I’m with Huerta88 on this one - this isn’t time to reinvent the wheel. There are reasons why casseroles appear during these times.
A few thoughts:
- If they don’t cook, make sure whatever you take is already cooked and just needs reheating
- Use disposable dishes to take things over, or semi-disposable, They’ll be getting lots of things brought over. If they don’t have to keep track of which baking dish is yours, that’s one less thing they have to worry about.
- If you’re really set on taking something less casserole-ish but which still has some of the advantages of a casserole, some ideas could be: a vat of pulled pork and a bag of buns ; pot roast ; curried chicken salad and fancy rolls ; chili and cornbread ; corn chowder. Snacky things: deviled eggs ; pigs in blankets ; cookies.
When my brother died, our friend brought over a large tray of sandwich meat, various kinds, and slices of cheese, so we could make our own sandwiches. The guy that brought it went even higher in my book…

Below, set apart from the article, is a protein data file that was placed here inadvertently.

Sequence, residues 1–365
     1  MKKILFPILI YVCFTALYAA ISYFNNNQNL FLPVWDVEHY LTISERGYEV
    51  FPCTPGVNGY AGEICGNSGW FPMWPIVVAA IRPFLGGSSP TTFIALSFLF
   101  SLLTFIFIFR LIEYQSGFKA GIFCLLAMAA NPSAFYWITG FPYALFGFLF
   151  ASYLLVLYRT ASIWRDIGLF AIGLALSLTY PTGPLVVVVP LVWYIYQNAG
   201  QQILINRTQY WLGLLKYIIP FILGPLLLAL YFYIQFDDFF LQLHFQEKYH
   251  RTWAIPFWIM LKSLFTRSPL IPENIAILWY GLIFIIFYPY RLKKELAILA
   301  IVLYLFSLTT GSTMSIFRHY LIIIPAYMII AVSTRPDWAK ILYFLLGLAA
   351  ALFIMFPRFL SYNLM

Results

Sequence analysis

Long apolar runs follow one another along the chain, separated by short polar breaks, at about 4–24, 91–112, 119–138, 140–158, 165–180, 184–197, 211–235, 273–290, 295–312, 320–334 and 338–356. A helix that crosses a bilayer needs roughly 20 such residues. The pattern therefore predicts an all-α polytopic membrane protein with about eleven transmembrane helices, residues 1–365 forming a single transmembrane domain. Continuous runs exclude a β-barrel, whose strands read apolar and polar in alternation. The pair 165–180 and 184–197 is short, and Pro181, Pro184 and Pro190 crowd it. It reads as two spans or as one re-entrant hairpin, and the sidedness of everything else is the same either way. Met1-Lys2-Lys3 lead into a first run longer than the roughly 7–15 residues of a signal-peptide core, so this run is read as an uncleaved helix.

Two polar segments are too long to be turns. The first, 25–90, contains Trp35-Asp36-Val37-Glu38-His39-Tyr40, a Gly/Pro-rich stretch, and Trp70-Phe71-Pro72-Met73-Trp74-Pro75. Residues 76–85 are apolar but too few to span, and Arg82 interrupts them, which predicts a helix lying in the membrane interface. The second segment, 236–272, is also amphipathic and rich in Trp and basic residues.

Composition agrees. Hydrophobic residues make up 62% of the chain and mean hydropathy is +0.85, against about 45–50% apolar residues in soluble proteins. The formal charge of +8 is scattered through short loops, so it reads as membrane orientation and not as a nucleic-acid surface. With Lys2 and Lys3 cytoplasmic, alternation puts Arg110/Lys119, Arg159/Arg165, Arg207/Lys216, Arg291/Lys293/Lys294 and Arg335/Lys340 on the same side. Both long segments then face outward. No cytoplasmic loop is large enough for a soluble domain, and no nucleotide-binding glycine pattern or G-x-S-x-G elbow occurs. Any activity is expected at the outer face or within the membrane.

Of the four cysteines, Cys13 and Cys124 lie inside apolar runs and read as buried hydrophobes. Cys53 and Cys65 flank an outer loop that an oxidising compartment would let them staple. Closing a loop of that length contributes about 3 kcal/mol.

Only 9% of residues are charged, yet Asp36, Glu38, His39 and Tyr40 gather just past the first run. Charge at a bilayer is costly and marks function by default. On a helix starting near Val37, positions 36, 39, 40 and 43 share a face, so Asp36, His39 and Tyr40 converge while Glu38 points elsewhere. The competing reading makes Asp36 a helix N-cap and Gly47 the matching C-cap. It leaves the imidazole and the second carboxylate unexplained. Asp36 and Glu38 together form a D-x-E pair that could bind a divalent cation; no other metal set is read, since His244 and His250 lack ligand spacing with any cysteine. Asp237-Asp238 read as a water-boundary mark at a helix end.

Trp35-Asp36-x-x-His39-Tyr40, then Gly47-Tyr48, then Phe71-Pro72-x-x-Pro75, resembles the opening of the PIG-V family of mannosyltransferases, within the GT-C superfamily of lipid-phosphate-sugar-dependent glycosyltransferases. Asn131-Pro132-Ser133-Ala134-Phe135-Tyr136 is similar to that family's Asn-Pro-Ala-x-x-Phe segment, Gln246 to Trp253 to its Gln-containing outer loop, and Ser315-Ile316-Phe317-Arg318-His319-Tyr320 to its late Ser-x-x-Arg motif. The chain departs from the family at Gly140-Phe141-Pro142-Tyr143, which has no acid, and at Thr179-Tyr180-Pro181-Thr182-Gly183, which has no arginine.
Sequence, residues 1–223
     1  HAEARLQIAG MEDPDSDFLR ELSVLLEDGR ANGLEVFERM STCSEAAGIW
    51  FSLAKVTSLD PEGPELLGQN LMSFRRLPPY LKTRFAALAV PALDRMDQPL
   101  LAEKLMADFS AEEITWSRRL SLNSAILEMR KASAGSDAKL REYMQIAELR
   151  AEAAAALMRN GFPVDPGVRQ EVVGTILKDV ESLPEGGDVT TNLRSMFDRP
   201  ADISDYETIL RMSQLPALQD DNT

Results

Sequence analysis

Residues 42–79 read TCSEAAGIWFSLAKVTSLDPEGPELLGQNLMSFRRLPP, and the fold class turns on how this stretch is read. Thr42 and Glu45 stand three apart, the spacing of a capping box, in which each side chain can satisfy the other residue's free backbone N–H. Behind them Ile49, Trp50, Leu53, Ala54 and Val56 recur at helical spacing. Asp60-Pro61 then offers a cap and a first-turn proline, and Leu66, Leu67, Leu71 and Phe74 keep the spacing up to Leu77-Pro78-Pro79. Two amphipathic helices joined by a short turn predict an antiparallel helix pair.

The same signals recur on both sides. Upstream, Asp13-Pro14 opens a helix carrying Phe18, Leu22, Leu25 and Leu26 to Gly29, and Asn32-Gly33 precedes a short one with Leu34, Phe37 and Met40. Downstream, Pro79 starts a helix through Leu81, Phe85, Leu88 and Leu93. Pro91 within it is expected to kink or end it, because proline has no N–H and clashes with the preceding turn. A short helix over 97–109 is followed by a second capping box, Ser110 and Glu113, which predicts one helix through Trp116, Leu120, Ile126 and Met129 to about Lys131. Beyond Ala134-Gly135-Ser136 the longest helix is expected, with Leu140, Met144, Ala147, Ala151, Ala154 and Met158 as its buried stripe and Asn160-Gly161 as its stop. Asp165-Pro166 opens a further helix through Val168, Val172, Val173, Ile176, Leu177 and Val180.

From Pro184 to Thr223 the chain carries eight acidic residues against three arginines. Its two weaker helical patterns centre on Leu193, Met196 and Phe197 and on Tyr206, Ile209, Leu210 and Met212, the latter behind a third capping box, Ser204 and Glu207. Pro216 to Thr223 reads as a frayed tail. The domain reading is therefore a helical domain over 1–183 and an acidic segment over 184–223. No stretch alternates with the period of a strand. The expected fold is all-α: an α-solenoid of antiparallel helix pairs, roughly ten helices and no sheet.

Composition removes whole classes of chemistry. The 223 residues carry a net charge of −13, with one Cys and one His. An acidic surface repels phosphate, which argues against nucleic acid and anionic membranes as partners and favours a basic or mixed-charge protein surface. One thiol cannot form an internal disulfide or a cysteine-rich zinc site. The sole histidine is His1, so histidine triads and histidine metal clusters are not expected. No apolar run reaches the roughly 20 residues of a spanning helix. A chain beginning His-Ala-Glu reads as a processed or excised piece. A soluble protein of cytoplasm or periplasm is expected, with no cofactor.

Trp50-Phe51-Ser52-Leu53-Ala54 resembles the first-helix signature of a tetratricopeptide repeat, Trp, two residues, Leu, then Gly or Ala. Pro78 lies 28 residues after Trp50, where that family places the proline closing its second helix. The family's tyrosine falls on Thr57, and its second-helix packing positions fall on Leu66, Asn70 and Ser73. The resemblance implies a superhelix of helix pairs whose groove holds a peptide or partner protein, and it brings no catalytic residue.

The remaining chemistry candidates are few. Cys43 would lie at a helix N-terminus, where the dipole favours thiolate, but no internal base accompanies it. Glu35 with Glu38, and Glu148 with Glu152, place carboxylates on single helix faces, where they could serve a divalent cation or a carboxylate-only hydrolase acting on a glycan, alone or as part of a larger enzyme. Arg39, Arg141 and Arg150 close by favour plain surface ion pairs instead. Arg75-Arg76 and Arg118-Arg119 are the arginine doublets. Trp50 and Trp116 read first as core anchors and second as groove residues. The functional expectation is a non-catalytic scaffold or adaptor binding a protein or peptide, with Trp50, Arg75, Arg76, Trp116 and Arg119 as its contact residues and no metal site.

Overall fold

Another brought KFC.
Also, at another funerary event, somebody brought a rum cake. A thousand times better than the ordinary kind of cake!
Another time, somebody had spaghetti in one container, and the sauce in the other. Again, their stock with me went way up…
Easily impressed, i guess.
Bucket o’ chicken. We joke that that should just be called the funeral bucket at KFC. Casseroles are always good, we call them “disasteroles.” cake, pie, cookies,jello salad, anything that holds well and can be reheated if it is meant to be a hot food. Remember, your friends are also probably feeding out-of-town extended family as well as themselves.
In addition to putting the food in a disposable dish, send along some paper plates, napkins, and disposable eating utensils. Nobody is going to feel like doing dishes either.
A canned ham can be eaten cold or reheated. My mother makes a jello salad with fruit in it. Maybe bring a bag of premixed salad or one of baby carrots?